Hooks Eyes Snaps Tape Fasteners - University Of Kentucky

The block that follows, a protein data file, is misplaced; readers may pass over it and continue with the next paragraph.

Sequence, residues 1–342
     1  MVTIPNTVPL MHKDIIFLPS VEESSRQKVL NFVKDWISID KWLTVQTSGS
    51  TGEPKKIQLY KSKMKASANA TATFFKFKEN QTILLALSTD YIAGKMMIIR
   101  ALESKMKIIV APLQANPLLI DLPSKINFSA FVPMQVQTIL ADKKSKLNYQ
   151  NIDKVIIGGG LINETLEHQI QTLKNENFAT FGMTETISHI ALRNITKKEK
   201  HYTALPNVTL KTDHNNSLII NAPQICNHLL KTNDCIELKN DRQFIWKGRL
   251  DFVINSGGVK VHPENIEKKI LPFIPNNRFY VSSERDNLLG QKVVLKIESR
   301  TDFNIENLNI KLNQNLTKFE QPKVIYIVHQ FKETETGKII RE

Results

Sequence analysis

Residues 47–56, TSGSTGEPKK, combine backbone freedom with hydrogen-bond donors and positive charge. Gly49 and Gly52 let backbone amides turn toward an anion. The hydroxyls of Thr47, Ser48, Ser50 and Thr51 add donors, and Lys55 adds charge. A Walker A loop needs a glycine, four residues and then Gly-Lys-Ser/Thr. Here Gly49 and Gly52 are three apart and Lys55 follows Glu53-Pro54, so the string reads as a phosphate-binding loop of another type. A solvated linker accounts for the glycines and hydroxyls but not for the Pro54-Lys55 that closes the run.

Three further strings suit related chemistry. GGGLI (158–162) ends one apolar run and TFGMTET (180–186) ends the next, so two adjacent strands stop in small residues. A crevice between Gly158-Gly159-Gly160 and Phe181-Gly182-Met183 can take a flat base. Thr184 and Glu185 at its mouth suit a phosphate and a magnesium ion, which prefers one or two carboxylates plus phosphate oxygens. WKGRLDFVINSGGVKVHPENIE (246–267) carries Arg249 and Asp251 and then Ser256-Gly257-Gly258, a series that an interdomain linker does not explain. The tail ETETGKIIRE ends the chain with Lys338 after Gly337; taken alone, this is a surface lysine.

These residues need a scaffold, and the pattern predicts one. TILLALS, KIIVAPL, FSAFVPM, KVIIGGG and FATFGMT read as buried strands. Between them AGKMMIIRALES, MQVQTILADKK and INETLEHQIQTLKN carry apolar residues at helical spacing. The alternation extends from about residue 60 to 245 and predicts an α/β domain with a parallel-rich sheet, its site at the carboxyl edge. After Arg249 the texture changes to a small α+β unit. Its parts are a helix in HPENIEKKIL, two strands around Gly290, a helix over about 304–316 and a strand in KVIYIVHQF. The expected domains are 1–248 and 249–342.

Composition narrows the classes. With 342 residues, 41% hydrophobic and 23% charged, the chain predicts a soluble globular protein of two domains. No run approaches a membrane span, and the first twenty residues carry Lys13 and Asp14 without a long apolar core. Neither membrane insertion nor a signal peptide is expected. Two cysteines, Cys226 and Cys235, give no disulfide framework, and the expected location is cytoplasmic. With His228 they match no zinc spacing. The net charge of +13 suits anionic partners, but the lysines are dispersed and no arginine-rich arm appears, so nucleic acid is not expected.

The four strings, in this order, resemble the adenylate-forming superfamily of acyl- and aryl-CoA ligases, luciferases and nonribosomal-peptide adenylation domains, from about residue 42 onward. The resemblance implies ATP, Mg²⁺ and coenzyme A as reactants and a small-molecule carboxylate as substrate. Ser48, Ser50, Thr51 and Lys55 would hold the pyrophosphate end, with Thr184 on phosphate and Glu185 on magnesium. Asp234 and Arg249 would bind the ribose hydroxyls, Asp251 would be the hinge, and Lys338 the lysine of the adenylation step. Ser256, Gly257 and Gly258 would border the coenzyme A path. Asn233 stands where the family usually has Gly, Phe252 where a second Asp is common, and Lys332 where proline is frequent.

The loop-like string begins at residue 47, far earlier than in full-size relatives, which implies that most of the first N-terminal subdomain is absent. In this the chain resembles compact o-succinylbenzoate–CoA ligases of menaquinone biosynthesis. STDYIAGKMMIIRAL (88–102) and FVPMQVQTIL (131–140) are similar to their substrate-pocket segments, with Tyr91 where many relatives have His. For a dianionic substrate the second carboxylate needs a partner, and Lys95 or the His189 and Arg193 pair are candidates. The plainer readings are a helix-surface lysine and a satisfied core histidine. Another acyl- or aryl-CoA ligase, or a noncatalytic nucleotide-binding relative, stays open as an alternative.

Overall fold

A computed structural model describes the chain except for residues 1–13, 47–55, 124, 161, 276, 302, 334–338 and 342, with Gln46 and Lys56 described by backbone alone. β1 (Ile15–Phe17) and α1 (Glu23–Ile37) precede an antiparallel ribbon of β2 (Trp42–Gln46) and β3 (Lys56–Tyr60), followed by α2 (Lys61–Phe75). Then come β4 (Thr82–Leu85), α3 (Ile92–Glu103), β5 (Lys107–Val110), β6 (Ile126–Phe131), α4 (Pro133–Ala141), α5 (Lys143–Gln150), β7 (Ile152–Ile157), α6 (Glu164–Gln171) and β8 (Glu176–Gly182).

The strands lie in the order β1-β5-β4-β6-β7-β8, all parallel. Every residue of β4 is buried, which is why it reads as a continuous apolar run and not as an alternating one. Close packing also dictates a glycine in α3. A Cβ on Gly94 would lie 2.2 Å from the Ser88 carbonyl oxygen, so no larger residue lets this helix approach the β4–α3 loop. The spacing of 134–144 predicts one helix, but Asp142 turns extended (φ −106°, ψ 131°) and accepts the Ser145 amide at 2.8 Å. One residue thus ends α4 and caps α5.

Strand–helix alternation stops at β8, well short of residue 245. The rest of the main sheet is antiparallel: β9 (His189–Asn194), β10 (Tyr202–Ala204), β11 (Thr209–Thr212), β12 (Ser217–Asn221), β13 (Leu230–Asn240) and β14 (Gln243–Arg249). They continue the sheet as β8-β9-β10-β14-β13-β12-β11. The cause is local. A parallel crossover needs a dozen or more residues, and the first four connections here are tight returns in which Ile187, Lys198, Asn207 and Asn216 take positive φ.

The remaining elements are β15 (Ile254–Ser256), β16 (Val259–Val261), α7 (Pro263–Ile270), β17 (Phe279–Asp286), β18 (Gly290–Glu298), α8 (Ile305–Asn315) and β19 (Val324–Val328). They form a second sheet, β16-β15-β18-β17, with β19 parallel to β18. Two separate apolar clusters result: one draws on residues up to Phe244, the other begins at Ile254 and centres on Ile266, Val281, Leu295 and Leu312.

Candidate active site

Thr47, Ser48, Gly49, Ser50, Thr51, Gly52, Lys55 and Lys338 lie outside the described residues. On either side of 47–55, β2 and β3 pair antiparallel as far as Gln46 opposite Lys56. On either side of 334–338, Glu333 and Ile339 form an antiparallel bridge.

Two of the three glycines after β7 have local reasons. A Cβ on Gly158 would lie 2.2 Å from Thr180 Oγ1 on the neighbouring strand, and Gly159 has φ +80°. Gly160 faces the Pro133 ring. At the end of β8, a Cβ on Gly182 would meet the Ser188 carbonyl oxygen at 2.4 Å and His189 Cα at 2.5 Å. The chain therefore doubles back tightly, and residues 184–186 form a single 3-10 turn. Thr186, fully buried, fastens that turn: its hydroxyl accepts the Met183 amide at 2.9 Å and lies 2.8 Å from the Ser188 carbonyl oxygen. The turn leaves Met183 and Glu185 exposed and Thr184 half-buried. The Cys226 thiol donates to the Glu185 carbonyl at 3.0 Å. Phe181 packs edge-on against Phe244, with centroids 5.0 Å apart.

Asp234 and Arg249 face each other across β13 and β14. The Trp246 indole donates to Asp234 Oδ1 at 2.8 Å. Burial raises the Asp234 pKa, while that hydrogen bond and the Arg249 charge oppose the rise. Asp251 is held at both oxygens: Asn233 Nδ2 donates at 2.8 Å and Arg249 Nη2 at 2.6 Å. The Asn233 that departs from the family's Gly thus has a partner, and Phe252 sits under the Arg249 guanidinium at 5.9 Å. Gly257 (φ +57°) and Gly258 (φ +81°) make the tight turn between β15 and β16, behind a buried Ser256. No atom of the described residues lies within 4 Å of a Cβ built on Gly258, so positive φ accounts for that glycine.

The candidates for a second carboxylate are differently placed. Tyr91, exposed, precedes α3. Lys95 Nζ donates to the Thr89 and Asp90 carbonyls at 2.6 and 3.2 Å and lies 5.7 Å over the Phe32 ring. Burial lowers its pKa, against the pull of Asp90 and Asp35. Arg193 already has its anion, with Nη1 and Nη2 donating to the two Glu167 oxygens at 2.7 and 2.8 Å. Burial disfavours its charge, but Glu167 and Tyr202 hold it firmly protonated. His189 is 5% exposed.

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CT-MMB.029HOOKS & EYES, SNAPS, AND TAPE FASTENERSMost of the garments in our wardrobes have one ormore kinds of fasteners for easy-on, easy-offdressing. Fasteners are used to hold two pieces ofa garment together some pieces lap one over theother, while others meet. Fasteners include snaps,hooks and eyes, self-gripping devices, buttons andbuttonholes, and zippers. This publication willfocus on hooks and eyes, snaps, and tape fasteners.For information about buttons and buttonholes, seeCT-MMB.189, Buttons and Buttonholes, and forzippers, CT-MMB.188, Zippers.The appropriate fastener to use is determined bythe: type of garment garment design position and type of opening amount of stress the fastener will have the effect you want to create. interfacing.sewn in place with a double strand of all-purposedual-duty sewing thread or single strand forheavy-duty thread.secured so stitches do not show on the right sideof the garment/fabric.appropriately placed so the garment edges areheld together smoothly and evenly.applied with appropriate hand stitch (buttonholeor whip) to secure fastener to the garment.secured tightly to the fabric surface.HOOKS AND EYESHooks and eyes are the fasteners used for areas ofstress such as waistlines and neck openings. Theycome in a variety of sizes from very small to verylarge.Regular hooks and eyes come in four sizes. Zerois the smallest and three the largest. Small hooksand eyes should be used on lightweight fabrics.Large ones are used primarily for skirts and pants.Bulky, heavy fabrics need a larger hook and eyethan do lightweight, sheer fabrics.StandardsWell-selected fasteners will be: appropriate to the specific garment and/orgarment placket situation. in the color range (black for dark fabrics; nickel,covered, or transparent for light fabrics) of thefabric to which it is applied.Sport hooks and eyes are designed for use onwaistbands and jacket closings that may receiveexcessive strain. Only one fastener is usedunless the area is wide.Well-constructed/applied fasteners should be: neat in appearance with no loose or unsightlythreads. appropriate for the garment design and fabricbeing used. applied to an area that has been reinforced withMost hooks and eyes are nickel or black enamelcoated metal. In some special fabric centers, itis possible to find a package in a variety ofcolors. These are enamel coated metal. Somecoat hooks are silk covered and come in threecolors black, beige, and white. Regular